Thomas Jefferson Papers

To Thomas Jefferson from William Armstrong, 30 April 1805

April 1805

The Petition of the undersigned, Merchants and Traders in the State of Kentucky—

Respectfully sheweth

That a Petition some time past was presented to Gidion Granger Esquire Post master General of the United States Stating, that “In the arrangement of postoffices in the State of Kentucky, accident we presume has placed the office of distribution in the town of Washington in the County of Mason. By this arrangment the first important point at Maysville is passed, and a return mail becomes necessary to enable the inhabitants and others of the vicinity of that place to receive their letters; this inconvenience is also felt by Merchants whose business is to transact there; as a place of deposit and trade we conceive Maysville entitled to the preference, as its importance as a place of import & export is rapidly increasing, and it being situate on the bank of the ohio, it is the great passway to the South westward both by land and Water—The situation of this place would appear to mark it out as the most eligible place for the office of distribution”—We do not presume to charge the head of this department with willful intention to injure the Petitioners, but, from his reply, we are contstrained to argue a want of information; he says, the inconveniences the Merchants of Maysville labour under are not greater than of those in the Precincts of Philadelphia; we are not disposed to question his assertion, because the term will admit of great latitude, but, we know of no City in the United States, where the merchants are obliged to send four and a half miles for their Letters, It is true the Post master General has assured us, he had ordered the offices at Philadelphia Baltimore & Chambersburg to mail districatly for Maysville, but, experience has informed, that even this care of his has proved not to answer his expectations—it is indeed agrivating the evil, because, we have communication with almost every post office in the Union; and in those particularised offices they sometimes neglect to mail for Maysville. In this precarious situation those transacting business at Maysville, are obliged to send to Washington, when an expected communication is not found in this office. It has happened that letters of information to agents here have remained in the office at Washington, when the boats containing the consignment were unloading and in consequence the Consignor was obliged to bear the additional charge of Storage, when the Waggons to transport his goods ought to have been prepared to take them to their destination. It is urged that Maysville is too unimportant a place at which to fix the distributing Post Office—We beg leave to say this place may be called properly the Key of the State, almost all the goods imported northward of the Cumberland River are landed here and transported by Waggons from hence; besides there have been exported from hence in One Year Ten thousand barrels of flour inspected; The Beef Pork Hemp fens Cordage Loaf Candles &c. of which no accurate estimate has been made, but may be fairly computed this year, at the value of fifteen thousand Dollars—It has been objected that if the office of distribution were placed here yet the office at Washington must select for the routs by Flemingsburg to Lexington and by Augusta to Cincinnati; we answer, Maysville is not two miles farther from Flemingsburg than Washington, and the Road by Augusta is shorter several Miles that from Washington again. In the Winter season it frequently happens that the Mail cannot be brought over the Ohio but, in a boat not large enough to carry a horse, and perhaps not for two or three hours later than the time the rider must be at Washington, in this case, all the Eastern mail must remain at Maysville until the next mail day—and the same thing opperates to detain the Southern Mail at Washington, for, if the Eastern Mail does not arrive in time, the Rider for the Southern Mail returns with it—The Post master General observed that he could not take the distributing office from Washington, because, his predecessor had fixed it there—This argument we think will not apply, because, when that arrangement took place, proper enough then, the town of Maysville was scarcely known—but, under the auspices of our Government, it has very much increased in trade and from its situation (should we have the good fortune to possess in peace the valuable acquisition of New Orleans, which your wisdom suggested) it must increase its exports very rapidly—altho the counter memorial presented to the Post master General, was swelled with the names of persons many of whom has perhaps never received, nor will receive a Letter through the medium of the Post Office, it has had the effect to prevent his granting a removal of the office, but as Merchants & traders, we respectfully suggest that, we are more interested, and pay more to the establishment than any other class of Citizens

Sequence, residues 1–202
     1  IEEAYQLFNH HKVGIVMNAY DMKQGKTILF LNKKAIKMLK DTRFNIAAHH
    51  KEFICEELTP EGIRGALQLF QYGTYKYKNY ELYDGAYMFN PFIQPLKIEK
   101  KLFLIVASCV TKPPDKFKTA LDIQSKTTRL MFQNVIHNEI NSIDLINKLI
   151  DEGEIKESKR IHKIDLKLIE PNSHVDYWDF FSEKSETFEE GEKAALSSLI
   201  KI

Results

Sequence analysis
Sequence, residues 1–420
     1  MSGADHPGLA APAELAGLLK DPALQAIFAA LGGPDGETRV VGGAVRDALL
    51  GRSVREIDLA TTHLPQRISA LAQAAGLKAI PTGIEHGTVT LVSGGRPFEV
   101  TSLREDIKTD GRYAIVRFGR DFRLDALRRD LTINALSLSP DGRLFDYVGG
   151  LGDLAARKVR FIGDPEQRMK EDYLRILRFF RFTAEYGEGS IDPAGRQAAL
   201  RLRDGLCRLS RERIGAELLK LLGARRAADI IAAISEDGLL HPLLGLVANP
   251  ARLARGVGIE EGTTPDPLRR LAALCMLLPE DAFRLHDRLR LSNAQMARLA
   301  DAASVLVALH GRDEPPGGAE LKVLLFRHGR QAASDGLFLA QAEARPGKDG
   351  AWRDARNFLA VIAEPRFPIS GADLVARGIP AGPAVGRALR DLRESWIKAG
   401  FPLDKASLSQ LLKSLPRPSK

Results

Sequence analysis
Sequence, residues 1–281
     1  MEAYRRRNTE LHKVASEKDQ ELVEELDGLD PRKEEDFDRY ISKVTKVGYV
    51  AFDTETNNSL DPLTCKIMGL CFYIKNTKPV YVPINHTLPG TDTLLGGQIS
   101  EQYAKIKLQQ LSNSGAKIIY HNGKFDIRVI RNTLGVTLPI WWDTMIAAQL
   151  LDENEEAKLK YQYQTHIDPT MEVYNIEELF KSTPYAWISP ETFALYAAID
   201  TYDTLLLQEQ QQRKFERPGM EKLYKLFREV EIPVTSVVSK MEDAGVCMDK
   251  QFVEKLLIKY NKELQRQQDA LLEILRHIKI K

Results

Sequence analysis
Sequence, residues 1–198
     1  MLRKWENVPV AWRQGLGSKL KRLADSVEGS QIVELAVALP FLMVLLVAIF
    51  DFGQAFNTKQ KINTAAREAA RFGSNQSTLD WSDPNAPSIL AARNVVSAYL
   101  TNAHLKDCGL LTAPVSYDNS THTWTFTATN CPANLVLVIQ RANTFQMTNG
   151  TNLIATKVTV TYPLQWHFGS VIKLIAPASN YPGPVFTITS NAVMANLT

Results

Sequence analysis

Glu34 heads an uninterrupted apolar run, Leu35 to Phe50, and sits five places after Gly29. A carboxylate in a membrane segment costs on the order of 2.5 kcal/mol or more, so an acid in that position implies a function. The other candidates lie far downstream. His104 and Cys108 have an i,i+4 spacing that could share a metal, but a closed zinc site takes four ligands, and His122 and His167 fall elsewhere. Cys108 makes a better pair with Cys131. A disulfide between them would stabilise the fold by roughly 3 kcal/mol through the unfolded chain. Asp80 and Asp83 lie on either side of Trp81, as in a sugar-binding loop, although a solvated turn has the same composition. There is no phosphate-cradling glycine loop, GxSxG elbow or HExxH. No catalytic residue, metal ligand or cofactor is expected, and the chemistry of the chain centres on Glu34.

We respectfully submit to the President those matters of fact—hoping that he will order us that redress which we have hitherto asked for in vain—and as in duty bound we shall ever pray &c

Merchants and Traders, Maysville

John Hittler

John Brown

James Wilson

Charles Gallagher

George Gallagher

Gdon. Martin

Josiah Lane

Tho. Haughy

William Armstrong

John Armstrong

Sanford Carrell

Elijah Martin

Wm. Coulter

Jos. B. Seibert

Jacob Boone

Merchants and Traders residing at Lexington Ky.

Wm. Jordan & Co

Curtis Field

Heny. Purviance

Thomas January

Sam January

George Trotter

Saml. & Geo. Trotter

Ely: McCraig

Maccount Tilford

Geo. Andenore

Saml Downing

Lewis Sanders

Leavy T. Gatewood

Brook & Craysdale

Joseph Hudson

Charles Wilkins

Willm. Henry

Alexr. Parker

Jos. Gray

Tho. Deyr Owings

Francis Ratliff

Merchts Frankfort

Dudley P. Wollere

James P. Murray

George Green

Clarke V. Anderson

Wm. McBride

John Younger

Ad. Caburie

DLC: Papers of Thomas Jefferson.